How many of you can recall when you would hurt yourself when you were young? Perhaps falling while playing or taking a spill off your bike? For some, although the hurt caused a tear or two to fall, the best thing about it was when our favorite loved adult would “kiss it to make it better”. Often, we wouldn’t even need a Band-Aid or a visit to the doctor like we so desperately claimed. What was wanted was that squeeze after the Band-Aid, that high-five after the tears, even simply sitting next to our loved one and feeling them there - that touch from that other person with whom we were close and loved held and carried a healing power.
Children who are struggling with attachment disorders, people who have been victims of sexual assault or rape, and similarly, folks who battle with various levels of anxiety can benefit from the healing power of touch. It is often assumed that it is babies who primarily benefit from touch and mainly from their mothers (or primary caregivers). And, while this still holds truth, there are so many other opportunities that can provide healing. Just a few examples are pain reduction, creating safer spaces, improve relationships between not just couples but also other dyads (siblings, parent/child, etc.). Research has even shown that when a child is struggling in school, a small, simple touch on their shoulder from their teacher can provide just the right amount of encouragement to allow the child to begin to soar in their studies.
Here are 4 simple reasons to consider the powerful, healing properties of the human touch:
1: Touch releases a chemical in our brains called oxytocin. This chemical is like the cuddle switch. When touch is wanted or desired, oxytocin is released. Just 20 seconds of affectionate touching is enough to reduce our stress hormone and increase our cuddle hormone. This can manifest safer spaces and increase trust, as well.
2: When stress levels due to trauma or anxiety are at an all time high, our ability to experience what may seem to be compassion is muddled; especially when it is brought to us through only the spoken word. It may seem silly but when words fail, touch may be the answer. Touch can trigger our vagus nerve (the nerve that runs from the brain to the belly, passing the heart along the way), thus allowing us to be receptive to and to respond with compassion.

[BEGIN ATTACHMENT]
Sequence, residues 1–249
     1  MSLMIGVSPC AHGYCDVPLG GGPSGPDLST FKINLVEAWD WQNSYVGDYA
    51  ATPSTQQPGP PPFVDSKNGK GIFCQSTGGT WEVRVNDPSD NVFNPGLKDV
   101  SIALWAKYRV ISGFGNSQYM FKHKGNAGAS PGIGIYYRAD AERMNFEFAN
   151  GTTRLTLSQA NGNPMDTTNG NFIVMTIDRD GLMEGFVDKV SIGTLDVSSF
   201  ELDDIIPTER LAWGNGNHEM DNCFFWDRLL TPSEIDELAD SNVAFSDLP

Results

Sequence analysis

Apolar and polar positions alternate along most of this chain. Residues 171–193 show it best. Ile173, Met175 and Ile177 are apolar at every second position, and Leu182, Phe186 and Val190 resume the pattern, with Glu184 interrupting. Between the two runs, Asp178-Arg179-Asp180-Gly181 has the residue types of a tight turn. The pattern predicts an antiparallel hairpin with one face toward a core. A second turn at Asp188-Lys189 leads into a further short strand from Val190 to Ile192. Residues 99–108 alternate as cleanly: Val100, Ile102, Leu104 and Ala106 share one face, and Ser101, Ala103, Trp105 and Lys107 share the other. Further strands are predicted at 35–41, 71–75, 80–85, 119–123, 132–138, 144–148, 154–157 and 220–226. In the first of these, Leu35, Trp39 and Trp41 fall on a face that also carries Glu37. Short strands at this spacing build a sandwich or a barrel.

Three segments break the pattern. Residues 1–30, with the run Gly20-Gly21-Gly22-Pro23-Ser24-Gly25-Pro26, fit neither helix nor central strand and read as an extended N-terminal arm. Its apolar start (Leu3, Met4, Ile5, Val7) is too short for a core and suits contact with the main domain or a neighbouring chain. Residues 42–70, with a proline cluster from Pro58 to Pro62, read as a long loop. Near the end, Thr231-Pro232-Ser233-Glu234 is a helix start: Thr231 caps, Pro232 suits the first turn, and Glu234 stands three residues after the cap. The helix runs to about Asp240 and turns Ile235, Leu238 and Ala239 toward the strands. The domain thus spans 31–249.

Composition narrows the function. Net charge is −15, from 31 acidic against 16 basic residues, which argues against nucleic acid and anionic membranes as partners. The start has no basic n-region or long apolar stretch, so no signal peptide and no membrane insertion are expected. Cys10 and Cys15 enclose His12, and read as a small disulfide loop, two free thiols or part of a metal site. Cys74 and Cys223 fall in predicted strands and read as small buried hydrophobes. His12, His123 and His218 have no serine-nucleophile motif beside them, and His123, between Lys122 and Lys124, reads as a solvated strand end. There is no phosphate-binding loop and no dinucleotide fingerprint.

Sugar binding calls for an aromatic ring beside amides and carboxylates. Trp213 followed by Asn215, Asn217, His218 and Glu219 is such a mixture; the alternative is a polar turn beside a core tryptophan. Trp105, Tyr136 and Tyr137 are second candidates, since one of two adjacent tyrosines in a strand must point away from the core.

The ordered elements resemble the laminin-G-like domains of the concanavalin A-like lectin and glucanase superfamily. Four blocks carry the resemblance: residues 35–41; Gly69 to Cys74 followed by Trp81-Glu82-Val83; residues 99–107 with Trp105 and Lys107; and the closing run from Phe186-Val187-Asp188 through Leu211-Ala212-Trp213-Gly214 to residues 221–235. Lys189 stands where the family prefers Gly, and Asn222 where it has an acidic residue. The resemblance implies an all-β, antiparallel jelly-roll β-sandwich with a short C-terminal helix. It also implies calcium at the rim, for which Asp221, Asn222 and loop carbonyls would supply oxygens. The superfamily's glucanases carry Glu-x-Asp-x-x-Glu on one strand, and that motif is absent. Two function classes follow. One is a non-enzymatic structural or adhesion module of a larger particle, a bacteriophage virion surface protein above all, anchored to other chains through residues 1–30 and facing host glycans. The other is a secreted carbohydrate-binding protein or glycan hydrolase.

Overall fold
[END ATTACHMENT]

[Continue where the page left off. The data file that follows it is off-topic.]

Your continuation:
3: Not only can touch allow us to feel compassion, it also reduces stress. Our stress hormone, cortisone, increases when we experience anxiety, trauma, stress from taking a test, falling off our bikes, etc. A touch, even one that happens by accident, can reduce that stress hormone and lower blood pressure. This means a happier heart. Image the anxiety beginning to creep in because of a memory that has begun to invade your thoughts. You are walking around work or school and can’t seem to calm it down. Someone needs to walk past you and, gently, presses their hand on your arm to excuse themselves around you. That one slight touch is just enough to not only distract you from your thoughts but also to decrease that cortisone that is about to sky high.
4: Touching between couples can increase trust, promote communication, and can improve relationship satisfaction. Even the simple act of holding hands while watching a movie or hugging for just 20 seconds before leaving for work can begin to create that bond between couples. This bond can be the foundation in which trust is rebuilt, safety is re-established, and communication is opened.
Everyone has a built in need to be touched, and yes, from birth. However, it does not end once we reach a specific age. It is a life-long desire for touch. When it is practiced appropriately and respectfully, the human touch can be powerful healing aspect of the human experience.
By Léah Almilli
Is an Associate Marriage and Family Therapist. She works with children as young as 6 and adults as old as 88. She is fluent in American Sign Language and she teaches ASL at the local community college. Léah like to help people grow and feel better about themselves. Léah offers a holistic, client-centered approach to the process, allowing each person the opportunities to discover how their pasts can lead into their futures. Léah makes her therapy rooms warm, welcoming, non-judgmental, and compassionate to ensure that the clients can feel safe to explore what is needed.